There is nothing more frustrating than taking good care of the onion plants in your garden, only to find small onions when you harvest them. I did some research to find all the possible reasons that onions fail to grow large.
So, why are your onions so small? Planting a variety of onion that is incompatible with your climate will result in smaller onions. Also, early flowering due to fluctuating temperatures causes small onions. Finally, a lack of nutrients due to competition or poor soil also causes small onions.
We’ll look at each of these factors in turn, but let’s start with choosing an onion variety that is compatible with your climate.
Choosing an Onion Variety That Is Compatible With Your Climate
As you can guess, not all onions are alike. There are three basic varieties: short-day, intermediate-day, and long-day onions.
A short-day onion plant will start to form a bulb when there are 10 to 12 hours of daylight in a day. These are typically grown in the southern part of the U.S., where they can be planted in fall or winter.
If you plant these in the northern U.S., they won’t get as large as they would in the south. Varieties include Red Creole, Texas Super Sweet, White Bermuda, and Yellow Granex.
An intermediate-day (or day-neutral) onion plant will start to form a bulb when there are 12 to 14 hours of daylight in a day. These are typically grown farther north than short-day onion plants, but further south than long-day onion plants. Varieties include Candy, Super Star, and Red Candy Apple.
A long-day onion plant will start to form a bulb when there are 14 to 16 hours of daylight in a day. These are typically grown in the northern part of the U.S. Varieties include Ailsa Craig, Copra, Highlander, Red River, and Red Zeppelin.
All of these varieties are available from Dixondale farms, and you can check out their website here.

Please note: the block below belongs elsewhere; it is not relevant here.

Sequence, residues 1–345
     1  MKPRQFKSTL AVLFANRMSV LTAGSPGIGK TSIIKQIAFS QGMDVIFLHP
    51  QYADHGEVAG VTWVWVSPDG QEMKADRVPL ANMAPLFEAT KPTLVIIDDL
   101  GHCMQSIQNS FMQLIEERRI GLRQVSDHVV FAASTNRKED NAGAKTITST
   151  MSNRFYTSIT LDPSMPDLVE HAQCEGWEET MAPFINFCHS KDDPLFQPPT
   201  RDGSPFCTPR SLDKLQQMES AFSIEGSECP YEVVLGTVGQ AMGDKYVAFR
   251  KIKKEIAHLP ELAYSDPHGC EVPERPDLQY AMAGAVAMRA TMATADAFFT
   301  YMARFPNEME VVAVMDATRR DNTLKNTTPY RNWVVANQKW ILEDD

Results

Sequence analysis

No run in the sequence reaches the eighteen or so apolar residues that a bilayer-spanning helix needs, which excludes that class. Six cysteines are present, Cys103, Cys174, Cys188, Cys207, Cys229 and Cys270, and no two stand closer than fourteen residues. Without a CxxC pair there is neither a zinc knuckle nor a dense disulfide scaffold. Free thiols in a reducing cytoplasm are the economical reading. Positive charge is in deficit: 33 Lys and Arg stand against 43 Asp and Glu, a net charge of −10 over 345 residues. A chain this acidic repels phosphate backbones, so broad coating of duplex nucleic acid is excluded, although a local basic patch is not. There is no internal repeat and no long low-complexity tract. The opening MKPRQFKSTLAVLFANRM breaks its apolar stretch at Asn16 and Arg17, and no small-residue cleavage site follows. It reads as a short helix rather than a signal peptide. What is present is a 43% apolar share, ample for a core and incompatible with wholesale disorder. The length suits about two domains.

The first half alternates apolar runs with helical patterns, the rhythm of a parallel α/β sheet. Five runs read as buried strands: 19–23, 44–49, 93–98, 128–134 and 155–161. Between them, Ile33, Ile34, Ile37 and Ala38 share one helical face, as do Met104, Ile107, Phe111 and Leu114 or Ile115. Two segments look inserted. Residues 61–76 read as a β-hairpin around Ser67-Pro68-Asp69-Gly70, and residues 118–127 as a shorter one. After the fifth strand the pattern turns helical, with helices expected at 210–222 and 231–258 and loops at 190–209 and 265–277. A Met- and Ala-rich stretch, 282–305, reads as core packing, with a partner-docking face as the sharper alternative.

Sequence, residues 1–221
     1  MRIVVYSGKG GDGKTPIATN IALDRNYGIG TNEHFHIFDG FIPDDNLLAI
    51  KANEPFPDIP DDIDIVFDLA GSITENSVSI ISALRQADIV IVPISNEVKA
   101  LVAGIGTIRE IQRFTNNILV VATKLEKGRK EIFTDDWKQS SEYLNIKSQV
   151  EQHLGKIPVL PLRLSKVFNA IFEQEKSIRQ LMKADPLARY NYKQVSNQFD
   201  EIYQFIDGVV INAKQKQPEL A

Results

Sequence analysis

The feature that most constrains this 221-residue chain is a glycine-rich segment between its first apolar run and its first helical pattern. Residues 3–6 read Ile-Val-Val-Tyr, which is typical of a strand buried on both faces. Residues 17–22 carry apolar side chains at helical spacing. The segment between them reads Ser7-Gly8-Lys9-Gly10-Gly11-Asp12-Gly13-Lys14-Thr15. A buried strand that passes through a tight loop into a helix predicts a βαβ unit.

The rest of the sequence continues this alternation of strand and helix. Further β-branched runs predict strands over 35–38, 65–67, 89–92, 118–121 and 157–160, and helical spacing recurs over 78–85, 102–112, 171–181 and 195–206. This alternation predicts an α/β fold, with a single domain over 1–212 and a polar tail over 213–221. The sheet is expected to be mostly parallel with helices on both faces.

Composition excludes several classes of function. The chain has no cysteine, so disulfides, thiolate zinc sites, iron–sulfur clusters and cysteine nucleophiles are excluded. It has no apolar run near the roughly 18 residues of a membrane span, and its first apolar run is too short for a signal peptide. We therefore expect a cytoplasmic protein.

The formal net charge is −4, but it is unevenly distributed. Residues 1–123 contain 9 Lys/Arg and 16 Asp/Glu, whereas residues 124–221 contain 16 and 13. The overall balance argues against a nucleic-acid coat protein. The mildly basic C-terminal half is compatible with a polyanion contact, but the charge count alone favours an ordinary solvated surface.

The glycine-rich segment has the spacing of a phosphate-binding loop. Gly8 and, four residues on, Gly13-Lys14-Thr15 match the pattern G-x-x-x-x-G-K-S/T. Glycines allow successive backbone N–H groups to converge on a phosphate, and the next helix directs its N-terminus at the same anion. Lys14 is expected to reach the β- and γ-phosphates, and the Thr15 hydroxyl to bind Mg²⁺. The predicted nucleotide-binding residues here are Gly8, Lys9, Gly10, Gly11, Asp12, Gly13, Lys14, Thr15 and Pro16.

You can also choose your varieties of onion by the Plant Hardiness Zone where you live. You can check out the USDA Plant Hardiness Zone Map here.
For instance, Zones 6 and lower are considered part of the northern U.S., where you would want to plant long-day onions to get larger onions.
Zones 7 and higher are considered part of the southern U.S., where you would want to play short-day onions.
Intermediate-day onions can be planted anywhere, but will thrive in zones 5 and 6.
Growing Onions: Seeds, Transplants, or Sets
Finally, you will need to decide whether to start onions from seeds, or to use sets or transplants to grow them.
You can start seeds inside your house using a tray with some potting soil, artificial light, and water. One advantage is that you can get started indoors before the last frost in the spring. For more information, check out this frost date calculator from the Old Farmer’s Almanac.
A transplant is a more established onion plant which does not have a bulb yet. Essentially, a transplant is a sprouted seed that someone else started for you. Both of these options will yield larger onions than growing from an onion set.
An onion set is a small bulb that you plant, which will grow into a larger bulb. A set is taken from the previous season’s onion growth, and the resulting second-year onions won’t be as large as first-year onions.
Preventing Competition: Onion Spacing and Weeding
Choosing the right onion variety for your climate is important, but your work doesn’t end there. You still need to make sure that you aren’t overcrowding your onions when you plant them. You also need to prevent weeds from getting too close to your onions and competing for resources.
Ideally, you should plant your onions 6 inches apart in a row. This gives your onions plenty of room to grow, and ensures that the onion plants will not compete for water or nutrients in the soil.
You should plant your rows 12 inches apart. This will give you room to walk between rows of onions to do weeding, mulching, fertilizing, and watering.
The best way to keep weeds out of your garden is to let your garden weed itself. To do this, use mulch, compost, or grass clippings to spread around the onion plants. For more information on the difference between mulch and compost, check out my article on mulch versus compost.
This soil cover will prevent weeds from growing and competing with the onion plants. Just make sure not to cover the onion bulbs when they form.
If any weeds do appear, simply pull them at regular intervals to help your onion plants to grow as large as possible. You can always leave the weeds out in the sun to dry and then add them to your compost pile for next year.
Ensuring Proper Soil and Nutrition for Your Onions
Before you decide on onion varieties or where to plant, you should make sure that your soil conditions are ideal for growing onions.
First, you want loose soil, since the onion bulbs will be deformed or stunted if the soil is packed tightly and difficult to move.
The soil should also be well-draining, since soil that stays wet can lead to root rot, which will lead to stunted growth or even death of the plant. If you have trouble with dry soil, check out my article on how to treat dry soil.